Fab Labs usually use their own Internet presence as a marketing strategy; few of them actively engage in PR, and these ones attract also non-students as users. Furthermore, they had so far created a limited innovation ecosystem with few network and industry partners and few, if any sponsors, which got used rather rarely.
All labs indicated their main business model was providing access to infrastructure that users would have no access to otherwise, but most of then indicated that giving access to knowledge of the Fab Lab network and giving access to experts were equally part of their value proposition. Troxler pointed out then that there are two main business models (or value propositions) possible, namely Fab Labs providing facilities and Fab Labs providing innovation support.

Troxler further developed the concept of Fab Labs as innovation center within another paper, written together with Patricia Wolf: Bending The Rules: The Fab Lab Innovation Ecology presented at the 11th International CINet Conference, September 2010 Zurich. In this paper they identified four possible business models (Table 1.), among the intersections of open and closed intellectual property and Fab Lab as facility or as innovation support. Specifically, they propose the Fab Lab innovation ecology (a network of partners) as the most interesting, a Fab Lab with open intellectual property and aimed at facilitating innovation: more design thinking and stimulating innovation than just providing access and training. The primary clientele of this model are innovators, companies (particularly SMEs) and researchers, while the general public is not really important. Revenue will come from projects, services provided and partners engaging with the lab, rather than per hour or membership fees and possible sales of products or IP. The Fab Lab innovation ecosystem add the linking with a network of knowledge and experience to cheap manufacturing technologies, creating value by capturing experience and feeding it back into the network.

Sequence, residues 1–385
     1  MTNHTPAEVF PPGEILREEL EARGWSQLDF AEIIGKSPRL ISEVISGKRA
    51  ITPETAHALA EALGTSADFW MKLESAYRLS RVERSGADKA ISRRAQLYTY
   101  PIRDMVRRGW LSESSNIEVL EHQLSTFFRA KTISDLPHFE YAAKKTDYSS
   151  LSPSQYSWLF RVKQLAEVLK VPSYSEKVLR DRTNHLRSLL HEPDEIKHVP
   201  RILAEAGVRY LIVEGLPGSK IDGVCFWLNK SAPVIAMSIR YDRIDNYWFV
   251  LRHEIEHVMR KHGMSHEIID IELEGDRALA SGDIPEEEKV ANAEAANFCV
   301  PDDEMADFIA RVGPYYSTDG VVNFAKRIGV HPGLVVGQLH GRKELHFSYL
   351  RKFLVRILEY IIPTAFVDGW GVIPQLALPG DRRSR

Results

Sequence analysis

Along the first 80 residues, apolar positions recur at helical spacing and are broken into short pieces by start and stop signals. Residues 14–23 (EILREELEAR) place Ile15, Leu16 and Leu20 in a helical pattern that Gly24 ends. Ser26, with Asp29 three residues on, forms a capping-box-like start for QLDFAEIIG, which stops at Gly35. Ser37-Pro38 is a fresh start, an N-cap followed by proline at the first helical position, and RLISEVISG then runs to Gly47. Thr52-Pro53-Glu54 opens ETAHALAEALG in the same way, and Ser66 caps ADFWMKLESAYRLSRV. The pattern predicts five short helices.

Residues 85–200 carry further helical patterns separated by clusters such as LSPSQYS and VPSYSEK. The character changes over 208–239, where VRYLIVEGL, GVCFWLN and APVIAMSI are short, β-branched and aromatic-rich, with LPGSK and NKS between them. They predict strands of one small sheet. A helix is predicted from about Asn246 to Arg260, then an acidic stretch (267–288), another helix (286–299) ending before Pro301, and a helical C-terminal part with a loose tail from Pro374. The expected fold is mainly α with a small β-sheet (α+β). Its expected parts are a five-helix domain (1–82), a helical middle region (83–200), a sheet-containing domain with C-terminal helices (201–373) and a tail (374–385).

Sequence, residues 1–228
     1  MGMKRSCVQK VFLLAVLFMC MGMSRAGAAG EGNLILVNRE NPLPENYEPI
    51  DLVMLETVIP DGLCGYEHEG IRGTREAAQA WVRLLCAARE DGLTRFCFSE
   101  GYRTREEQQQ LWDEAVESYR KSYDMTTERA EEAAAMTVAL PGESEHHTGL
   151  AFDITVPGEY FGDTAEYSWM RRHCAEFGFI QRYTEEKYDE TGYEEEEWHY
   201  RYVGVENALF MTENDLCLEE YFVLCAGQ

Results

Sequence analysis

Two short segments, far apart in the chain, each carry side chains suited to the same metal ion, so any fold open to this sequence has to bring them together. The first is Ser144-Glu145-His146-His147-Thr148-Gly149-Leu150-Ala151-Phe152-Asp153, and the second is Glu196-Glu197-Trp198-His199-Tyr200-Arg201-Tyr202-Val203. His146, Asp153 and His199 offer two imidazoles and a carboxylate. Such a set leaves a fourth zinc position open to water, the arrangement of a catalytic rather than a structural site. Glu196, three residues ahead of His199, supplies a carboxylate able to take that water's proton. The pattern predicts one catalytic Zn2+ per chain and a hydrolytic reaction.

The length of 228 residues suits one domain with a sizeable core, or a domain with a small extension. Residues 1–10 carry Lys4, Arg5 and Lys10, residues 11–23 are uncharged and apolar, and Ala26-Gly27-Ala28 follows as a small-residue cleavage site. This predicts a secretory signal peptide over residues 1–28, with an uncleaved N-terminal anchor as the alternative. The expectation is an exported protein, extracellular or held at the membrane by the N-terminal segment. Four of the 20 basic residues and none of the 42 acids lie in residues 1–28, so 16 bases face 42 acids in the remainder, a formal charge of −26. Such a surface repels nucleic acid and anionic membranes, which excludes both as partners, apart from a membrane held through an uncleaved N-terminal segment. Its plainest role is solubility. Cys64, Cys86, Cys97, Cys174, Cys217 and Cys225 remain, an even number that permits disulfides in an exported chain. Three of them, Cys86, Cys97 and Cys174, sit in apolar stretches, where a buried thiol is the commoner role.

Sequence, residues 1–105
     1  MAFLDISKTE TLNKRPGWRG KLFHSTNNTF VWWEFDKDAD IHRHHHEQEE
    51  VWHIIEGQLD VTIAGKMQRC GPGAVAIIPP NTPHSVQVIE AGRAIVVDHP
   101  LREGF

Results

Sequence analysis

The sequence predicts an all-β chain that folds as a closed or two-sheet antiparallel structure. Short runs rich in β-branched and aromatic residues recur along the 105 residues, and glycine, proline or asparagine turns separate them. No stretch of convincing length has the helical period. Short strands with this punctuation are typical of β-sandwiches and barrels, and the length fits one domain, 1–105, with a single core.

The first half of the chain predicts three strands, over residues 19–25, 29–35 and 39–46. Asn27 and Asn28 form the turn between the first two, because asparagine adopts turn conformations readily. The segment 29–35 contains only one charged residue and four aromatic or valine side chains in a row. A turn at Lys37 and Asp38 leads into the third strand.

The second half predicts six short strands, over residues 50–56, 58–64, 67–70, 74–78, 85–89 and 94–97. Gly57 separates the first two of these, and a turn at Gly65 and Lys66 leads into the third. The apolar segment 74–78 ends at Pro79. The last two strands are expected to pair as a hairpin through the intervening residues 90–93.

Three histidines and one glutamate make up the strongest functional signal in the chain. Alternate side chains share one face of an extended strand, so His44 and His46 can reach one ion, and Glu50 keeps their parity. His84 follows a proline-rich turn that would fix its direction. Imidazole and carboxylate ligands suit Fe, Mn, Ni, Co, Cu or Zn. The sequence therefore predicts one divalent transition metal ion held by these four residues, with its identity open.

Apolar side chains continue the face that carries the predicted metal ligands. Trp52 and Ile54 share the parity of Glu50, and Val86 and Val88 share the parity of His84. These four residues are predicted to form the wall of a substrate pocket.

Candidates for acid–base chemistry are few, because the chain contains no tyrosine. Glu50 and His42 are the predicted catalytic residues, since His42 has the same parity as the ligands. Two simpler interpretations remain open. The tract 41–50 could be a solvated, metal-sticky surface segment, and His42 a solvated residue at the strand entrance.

Table 1.
Business models for Fab Labs
Four business models for Fab Labs. (Source: Troxler, Wolf, 2010)
Lab as facilityInnovation Lab
Open IPtypical Fab Lab approachFab Lab innovation ecology
Closed IPtraditional machine shoptypical innovation consultancy

Fab Labs as showcase of brand values: Absolut Lab

But Fab Labs can now be opened by big brands as a marketing strategy: Absolut Vodka (the third largest brand of alcoholic spirits in the world) opened the Absolut Lab for visionary thinkers in Madrid since in September 2010

ABSOLUT LAB for Visionary Thinkers. from ABSOLUT NETWORK on Vimeo.

In 2008 Absolut Spain realized that the brand’s image was still strong but static and people were less and less associating it with creativity, something that the brand had been building since the ‘80s with its advertising campaigns and art commissioning. Absolut Spain then commissioned Strike Agency, a Spanish coolhunting firm, a great event for reviving the brand’s image. Strike Agency instead proposed a long-term project, aimed at improving the brand’s image as creative, visionary and socially conscious.